Specialty Care Pavilion Meets Present and Future Needs of Cancer Patients, Providers, Researchers
The new Specialty Care Pavilion is a win-win-win situation for Jefferson Health and the population it is dedicated to serving.
The state-of-the-art building, which broke ground in March 2020 and is expected to open in June 2024, will deliver seamless care to patients, give physicians and other healthcare providers the ability to more easily collaborate with each another, and allow researchers to work in an advanced, high-tech environment as they search for new therapies and cures.
From the standpoint of cancer patients, this is going to be incredible and transformative.
Almost every aspect of care—from testing to treatment—is all under one roof, the patient experience will be streamlined and efficient.
85,000 square feet of the building is dedicated to Sidney Kimmel Cancer Center—or about one-third—of the medical service space in the building, says Robert Francis, director of development for capital projects at Jefferson Health.
The cancer center covers three full floors of the building—12, 14, and 15 . The 12th floor is the infusion floor where patients receive medications and participate in clinical trials; it also has an on-site pharmacy. The 14th floor is the medical oncology floor where patients meet with their clinical care team; it consists of exam rooms and consultation rooms. The 15th floor is the Sidney Kimmel Cancer Center Welcome Center, where many needs are met, including services such as financial counseling, psychological counseling, social services, and other forms of support.
“It can be somewhat cumbersome for people coming into Center City,” he says, citing the amount of time it takes to find parking, then navigate the different buildings for various aspects of treatment and services. “This building has it all. It has parking, and it has all of the care delivered under one roof… with advanced technology that will be state-of-the-art for decades to come.”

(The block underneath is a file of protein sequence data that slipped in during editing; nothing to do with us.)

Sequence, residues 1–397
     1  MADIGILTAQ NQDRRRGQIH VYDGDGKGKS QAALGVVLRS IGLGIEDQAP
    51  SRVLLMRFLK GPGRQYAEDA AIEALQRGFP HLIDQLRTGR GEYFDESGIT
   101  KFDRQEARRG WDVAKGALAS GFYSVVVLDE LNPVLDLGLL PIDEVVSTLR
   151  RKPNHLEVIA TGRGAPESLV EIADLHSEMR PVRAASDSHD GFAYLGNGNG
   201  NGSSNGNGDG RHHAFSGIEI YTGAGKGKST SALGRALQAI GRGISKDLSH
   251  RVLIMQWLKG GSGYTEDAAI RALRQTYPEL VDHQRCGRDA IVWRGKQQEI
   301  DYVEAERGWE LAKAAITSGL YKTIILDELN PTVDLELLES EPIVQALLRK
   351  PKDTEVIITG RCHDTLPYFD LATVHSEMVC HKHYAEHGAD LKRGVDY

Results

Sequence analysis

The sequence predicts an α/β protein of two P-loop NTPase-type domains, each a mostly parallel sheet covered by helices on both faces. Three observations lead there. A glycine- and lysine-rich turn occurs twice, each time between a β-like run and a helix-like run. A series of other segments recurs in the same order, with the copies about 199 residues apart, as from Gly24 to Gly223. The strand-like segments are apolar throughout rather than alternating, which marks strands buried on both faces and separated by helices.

While an abundance of technology might seem counterintuitive to the compassionate human touch that Jefferson is known for, it has the opposite effect, says Francis. “All of the technology is there to increase the amount of quality time between patient and provider.”
Chapman adds that the technology helps healthcare providers deliver the highest quality cancer care, allows the collaboration among different specialists to create seamless delivery of care, and provides researchers with the opportunity to bring their discoveries from the laboratories into clinical trials.
“We’ve now developed the largest phase one program in the tri-state area,” Chapman says, explaining that phase one trials are aimed at patients who have exhausted some of the standard therapies that exist and are looking for cutting-edge opportunities that aren’t available elsewhere.
Francis notes that the building would not be possible without philanthropy. “Philanthropy is important in academic medical centers because it allows the institution to provide special care, offer special clinical trials, address special cases that can’t be addressed at other places, and it supports the academic enterprise teaching that underpins the medical college.”